Tribune News Service
New Delhi, June 1
India is making a last-ditch effort to persuade Kathmandu from pushing ahead with a Constitutional amendment that will formalise the inclusion of territory claimed by India in its political map.
Nepal has already issued a revised political map but a Constitutional amendment, if passed by its Parliament, will give finality to the process and allow the new contours of the border to be incorporated in its coat of arms.
Sources said that India had attempted to convey to Nepal that it was ready for talks with the tactical aim of delaying the Parliamentary procedure.
The new offer conveyed through the former’s security and diplomatic officials is a revision of the old offer to hold Foreign Secretary-level talks after the COVID-19 epidemic is over.
The old offer of holding talks after the epidemic had riled the Nepalese political class and led to a hardening of stance.
Baluwatar had argued that if Defence Minister Rajnath Singh could inaugurate a road running through disputed areas while the COVID-19 was raging, talks could also be held during the pandemic.
While the Indian side has not officially acknowledged the feelers sent out to Nepal, Nepalese Foreign Minister Pradeep Gyawali said Kathmandu was in constant touch with New Delhi.
“The date and modality of informal talks are not fixed yet, but we are in constant touch with the Indian side… We want to resolve the issue through diplomatic means,” he was reported as having briefed Nepal’s Parliamentary committee on foreign affairs.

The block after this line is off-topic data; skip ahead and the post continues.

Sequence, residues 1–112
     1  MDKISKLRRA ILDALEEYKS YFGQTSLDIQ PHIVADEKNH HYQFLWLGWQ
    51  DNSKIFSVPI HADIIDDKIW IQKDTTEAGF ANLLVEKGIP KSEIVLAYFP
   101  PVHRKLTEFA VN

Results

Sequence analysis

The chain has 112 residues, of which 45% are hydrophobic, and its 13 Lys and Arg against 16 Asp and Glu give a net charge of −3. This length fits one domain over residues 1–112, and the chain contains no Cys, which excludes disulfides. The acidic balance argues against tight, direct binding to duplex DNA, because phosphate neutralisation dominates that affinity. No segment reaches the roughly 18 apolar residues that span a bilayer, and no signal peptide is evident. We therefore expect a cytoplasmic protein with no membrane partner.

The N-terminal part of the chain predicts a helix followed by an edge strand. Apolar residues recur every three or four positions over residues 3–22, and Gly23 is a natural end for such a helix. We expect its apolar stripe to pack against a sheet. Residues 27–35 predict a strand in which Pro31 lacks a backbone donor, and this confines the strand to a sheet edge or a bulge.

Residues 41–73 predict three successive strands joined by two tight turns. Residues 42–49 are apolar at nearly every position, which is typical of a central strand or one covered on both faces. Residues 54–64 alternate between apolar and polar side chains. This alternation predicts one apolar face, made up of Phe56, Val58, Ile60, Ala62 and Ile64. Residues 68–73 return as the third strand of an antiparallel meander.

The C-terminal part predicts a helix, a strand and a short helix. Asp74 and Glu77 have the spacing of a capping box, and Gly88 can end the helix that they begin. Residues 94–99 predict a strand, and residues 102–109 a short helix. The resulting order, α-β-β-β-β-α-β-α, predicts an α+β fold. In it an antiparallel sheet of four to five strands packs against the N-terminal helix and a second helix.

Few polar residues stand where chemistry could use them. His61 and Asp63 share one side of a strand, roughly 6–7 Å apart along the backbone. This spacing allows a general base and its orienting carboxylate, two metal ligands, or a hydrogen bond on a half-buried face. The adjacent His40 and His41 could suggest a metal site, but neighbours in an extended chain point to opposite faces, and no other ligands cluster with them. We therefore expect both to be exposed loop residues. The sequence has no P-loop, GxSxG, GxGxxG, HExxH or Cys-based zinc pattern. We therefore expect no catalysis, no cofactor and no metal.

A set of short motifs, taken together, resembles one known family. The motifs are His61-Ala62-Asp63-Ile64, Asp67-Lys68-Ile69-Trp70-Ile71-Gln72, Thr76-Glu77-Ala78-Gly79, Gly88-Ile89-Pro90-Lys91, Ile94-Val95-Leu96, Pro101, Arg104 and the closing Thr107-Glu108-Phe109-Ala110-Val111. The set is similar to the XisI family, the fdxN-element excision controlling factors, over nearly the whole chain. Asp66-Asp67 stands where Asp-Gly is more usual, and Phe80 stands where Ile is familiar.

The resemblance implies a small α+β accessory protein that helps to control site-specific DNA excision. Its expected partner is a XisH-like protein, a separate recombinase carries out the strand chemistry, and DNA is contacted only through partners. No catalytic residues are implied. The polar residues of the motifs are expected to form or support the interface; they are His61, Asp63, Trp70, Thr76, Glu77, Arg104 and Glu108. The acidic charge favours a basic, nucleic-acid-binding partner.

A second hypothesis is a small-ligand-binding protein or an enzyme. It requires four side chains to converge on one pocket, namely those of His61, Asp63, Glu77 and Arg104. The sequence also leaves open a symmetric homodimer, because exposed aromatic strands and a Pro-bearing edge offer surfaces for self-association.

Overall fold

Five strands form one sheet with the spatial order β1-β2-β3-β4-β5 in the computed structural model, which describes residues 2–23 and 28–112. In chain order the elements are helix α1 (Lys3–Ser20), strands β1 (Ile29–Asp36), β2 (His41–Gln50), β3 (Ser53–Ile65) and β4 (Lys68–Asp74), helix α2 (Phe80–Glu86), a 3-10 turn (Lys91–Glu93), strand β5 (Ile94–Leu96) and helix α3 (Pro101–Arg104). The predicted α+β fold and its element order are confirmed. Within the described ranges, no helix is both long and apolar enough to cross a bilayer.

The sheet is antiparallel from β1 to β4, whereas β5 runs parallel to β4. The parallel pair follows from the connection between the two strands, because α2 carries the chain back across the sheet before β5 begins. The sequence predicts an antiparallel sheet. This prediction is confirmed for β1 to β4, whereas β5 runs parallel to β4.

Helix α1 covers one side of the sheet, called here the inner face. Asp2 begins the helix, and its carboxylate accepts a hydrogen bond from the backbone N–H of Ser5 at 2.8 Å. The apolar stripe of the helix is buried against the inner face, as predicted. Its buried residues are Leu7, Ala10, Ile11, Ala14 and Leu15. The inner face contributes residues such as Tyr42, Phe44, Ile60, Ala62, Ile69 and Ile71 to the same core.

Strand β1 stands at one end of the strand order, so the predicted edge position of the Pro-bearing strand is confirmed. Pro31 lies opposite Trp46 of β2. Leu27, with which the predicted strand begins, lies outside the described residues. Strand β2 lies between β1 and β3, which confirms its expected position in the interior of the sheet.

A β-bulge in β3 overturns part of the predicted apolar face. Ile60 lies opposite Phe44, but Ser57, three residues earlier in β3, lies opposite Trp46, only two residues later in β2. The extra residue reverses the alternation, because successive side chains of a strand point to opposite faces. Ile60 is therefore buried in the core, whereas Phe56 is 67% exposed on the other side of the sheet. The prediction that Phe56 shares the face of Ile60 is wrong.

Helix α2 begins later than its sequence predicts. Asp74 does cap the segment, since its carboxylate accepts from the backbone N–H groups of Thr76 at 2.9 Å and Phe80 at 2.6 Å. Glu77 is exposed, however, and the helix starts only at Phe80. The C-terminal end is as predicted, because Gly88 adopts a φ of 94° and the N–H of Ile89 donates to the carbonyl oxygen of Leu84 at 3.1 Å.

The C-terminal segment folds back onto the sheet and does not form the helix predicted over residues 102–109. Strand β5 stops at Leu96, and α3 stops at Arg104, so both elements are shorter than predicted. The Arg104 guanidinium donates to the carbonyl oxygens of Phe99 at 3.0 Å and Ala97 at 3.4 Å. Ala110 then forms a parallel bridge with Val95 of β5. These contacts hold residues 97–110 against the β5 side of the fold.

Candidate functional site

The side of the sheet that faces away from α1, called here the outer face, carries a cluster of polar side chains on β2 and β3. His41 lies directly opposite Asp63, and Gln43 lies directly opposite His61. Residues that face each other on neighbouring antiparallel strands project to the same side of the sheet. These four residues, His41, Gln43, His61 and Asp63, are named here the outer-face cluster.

The last-minute Indian attempt is the same tactics in 2015 when S Jaishankar, the then Foreign Secretary, had landed in Kathmandu to block major legislative changes that had upset Madheshis living in the plains bordering India.
By the time Jaishankar landed, the die had been cast and Nepal did not heed the Indian Foreign Secretary’s call, leading to an unacknowledged economic blockade.
In the latest instance, the Nepal government has already tabled a bill to approve a new map which shows Lipulekh, Kalapani and Limpiyadhura — which also feature on India’s map — as part of its territory.
India has rejected the map, calling the revision a “unilateral act” and “not based on historical facts and evidences”.
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